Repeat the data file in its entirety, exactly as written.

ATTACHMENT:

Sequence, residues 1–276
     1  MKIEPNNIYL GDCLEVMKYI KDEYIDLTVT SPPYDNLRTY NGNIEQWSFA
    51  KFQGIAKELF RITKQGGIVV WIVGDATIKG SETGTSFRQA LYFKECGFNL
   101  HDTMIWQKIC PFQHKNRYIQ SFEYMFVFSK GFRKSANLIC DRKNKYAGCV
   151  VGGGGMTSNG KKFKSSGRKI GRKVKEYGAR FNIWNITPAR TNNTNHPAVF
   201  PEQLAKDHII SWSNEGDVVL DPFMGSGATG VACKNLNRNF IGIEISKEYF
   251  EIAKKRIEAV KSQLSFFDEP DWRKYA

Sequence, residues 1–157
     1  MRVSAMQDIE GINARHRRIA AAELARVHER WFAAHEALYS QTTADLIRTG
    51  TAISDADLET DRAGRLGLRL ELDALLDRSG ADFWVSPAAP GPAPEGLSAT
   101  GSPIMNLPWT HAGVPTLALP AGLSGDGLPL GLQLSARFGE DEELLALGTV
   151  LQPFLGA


Sequence, residues 1–276
     1  MKIEPNNIYL GDCLEVMKYI KDEYIDLTVT SPPYDNLRTY NGNIEQWSFA
    51  KFQGIAKELF RITKQGGIVV WIVGDATIKG SETGTSFRQA LYFKECGFNL
   101  HDTMIWQKIC PFQHKNRYIQ SFEYMFVFSK GFRKSANLIC DRKNKYAGCV
   151  VGGGGMTSNG KKFKSSGRKI GRKVKEYGAR FNIWNITPAR TNNTNHPAVF
   201  PEQLAKDHII SWSNEGDVVL DPFMGSGATG VACKNLNRNF IGIEISKEYF
   251  EIAKKRIEAV KSQLSFFDEP DWRKYA

Sequence, residues 1–157
     1  MRVSAMQDIE GINARHRRIA AAELARVHER WFAAHEALYS QTTADLIRTG
    51  TAISDADLET DRAGRLGLRL ELDALLDRSG ADFWVSPAAP GPAPEGLSAT
   101  GSPIMNLPWT HAGVPTLALP AGLSGDGLPL GLQLSARFGE DEELLALGTV
   151  LQPFLGA